We have endured a lot of bad decisions, and the inability of the government to draw a clear line necessitates urgent reform. The government has, and will continue, to be exploited by the trade unions and its political alliance partners, who are trapped in the ideologies of yesterday. This only further serves to disadvantage South Africa. Taxpayers are fed up with these continuous SOE bailouts and never-ending corruption.
Denel: Denel made a loss of R1.7bn in 2019 and struggled to pay its staff their full June salaries and pension contributions. It was sad to see the response of Mboweni, who announced in Parliament that Denel, and other SOEs would be recapitalised with billions in extra funding, but with conditions.
The framework for commercialisation and privatisation should include broad-based empowerment.
This is in line with the government's policy to advance economic transformation to prevent what happened with Russia's privatisation of SOEs, for example, which only served to create an elitist class of oligarchs.
The government could learn another valuable lesson from the introduction of the landmark Premier Fishing empowerment deal whereby Premier Fishing SA, a division of JSE-listed Group Premier Fishing and Brands Limited, one of the largest black-owned, managed, and fully transformed fishing companies in South Africa, issued shares to its 900 employees and stakeholders in the value chain.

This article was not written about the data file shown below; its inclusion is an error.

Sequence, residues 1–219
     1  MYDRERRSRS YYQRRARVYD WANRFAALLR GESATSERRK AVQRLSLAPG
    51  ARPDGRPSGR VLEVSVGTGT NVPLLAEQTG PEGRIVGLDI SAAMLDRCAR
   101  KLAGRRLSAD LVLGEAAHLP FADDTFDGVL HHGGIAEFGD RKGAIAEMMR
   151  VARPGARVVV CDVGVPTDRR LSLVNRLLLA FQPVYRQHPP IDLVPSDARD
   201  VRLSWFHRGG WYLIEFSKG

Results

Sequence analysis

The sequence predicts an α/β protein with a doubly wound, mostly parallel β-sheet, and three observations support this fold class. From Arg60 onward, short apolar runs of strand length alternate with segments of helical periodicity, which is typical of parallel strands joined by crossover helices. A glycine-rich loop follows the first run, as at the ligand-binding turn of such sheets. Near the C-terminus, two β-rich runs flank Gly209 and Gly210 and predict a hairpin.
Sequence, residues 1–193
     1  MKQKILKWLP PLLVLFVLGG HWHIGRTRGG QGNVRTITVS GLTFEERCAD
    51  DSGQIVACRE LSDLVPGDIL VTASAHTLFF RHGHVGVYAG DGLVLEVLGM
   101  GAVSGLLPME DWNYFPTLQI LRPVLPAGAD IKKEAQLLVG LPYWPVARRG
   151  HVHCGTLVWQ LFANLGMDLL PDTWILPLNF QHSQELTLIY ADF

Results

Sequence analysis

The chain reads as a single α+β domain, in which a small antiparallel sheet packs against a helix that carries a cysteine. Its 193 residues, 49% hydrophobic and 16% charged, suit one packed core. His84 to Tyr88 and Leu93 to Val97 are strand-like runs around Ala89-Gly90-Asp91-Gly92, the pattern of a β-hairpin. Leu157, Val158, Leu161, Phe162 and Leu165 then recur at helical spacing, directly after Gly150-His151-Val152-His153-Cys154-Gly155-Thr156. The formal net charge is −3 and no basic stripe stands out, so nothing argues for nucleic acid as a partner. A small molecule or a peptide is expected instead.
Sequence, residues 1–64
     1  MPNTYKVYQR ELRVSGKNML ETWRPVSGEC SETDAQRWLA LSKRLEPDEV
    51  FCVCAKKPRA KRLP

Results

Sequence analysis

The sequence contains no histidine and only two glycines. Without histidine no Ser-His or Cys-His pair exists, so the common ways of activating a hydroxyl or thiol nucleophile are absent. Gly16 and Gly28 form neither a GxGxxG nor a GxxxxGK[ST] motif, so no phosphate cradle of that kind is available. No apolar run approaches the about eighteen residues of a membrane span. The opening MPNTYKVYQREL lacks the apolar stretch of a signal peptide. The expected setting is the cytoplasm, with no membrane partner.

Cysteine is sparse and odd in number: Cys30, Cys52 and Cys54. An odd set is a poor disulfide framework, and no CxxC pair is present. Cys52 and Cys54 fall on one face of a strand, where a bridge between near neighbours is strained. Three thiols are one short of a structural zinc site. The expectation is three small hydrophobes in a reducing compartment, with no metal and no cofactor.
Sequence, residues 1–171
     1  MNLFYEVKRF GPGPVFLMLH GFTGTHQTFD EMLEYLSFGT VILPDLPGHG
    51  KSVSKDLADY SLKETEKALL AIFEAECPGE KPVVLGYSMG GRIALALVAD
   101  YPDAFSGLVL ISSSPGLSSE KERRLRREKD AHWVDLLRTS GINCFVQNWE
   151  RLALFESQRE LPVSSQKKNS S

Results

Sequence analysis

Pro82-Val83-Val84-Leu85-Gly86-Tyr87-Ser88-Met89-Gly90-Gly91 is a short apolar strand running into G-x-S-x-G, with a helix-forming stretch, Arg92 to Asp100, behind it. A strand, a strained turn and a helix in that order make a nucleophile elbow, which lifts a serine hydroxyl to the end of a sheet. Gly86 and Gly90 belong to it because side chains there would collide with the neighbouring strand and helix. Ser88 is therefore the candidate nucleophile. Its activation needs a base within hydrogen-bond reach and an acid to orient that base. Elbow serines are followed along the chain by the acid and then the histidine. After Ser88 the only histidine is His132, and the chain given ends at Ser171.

The framework for commercialisation and privatisation would benefit the country and better enable the government to generate financial resources.
The involvement of the private sector may succeed in the optimum use of resources by maintaining efficiency, improve competition, reduce the fiscal burden of the government, improve economic democracy by private participation, better industrial relations and increase the number of workers as listed companies are more public vigilance.
Furthermore, it will reduce political interference in these SOEs, to the detriment of the country, provide more representation to the private sector and employees in the management thereof (German co-determination model), as well as improve productivity by maintaining efficiency in its operations. The success of the private sector resides in the profit motive, where companies pay corporate taxes.
Dr Dennis George is the executive chairperson of African Quartz. He writes in his personal capacity.
*The views expressed here are not necessarily those of IOL or of title sites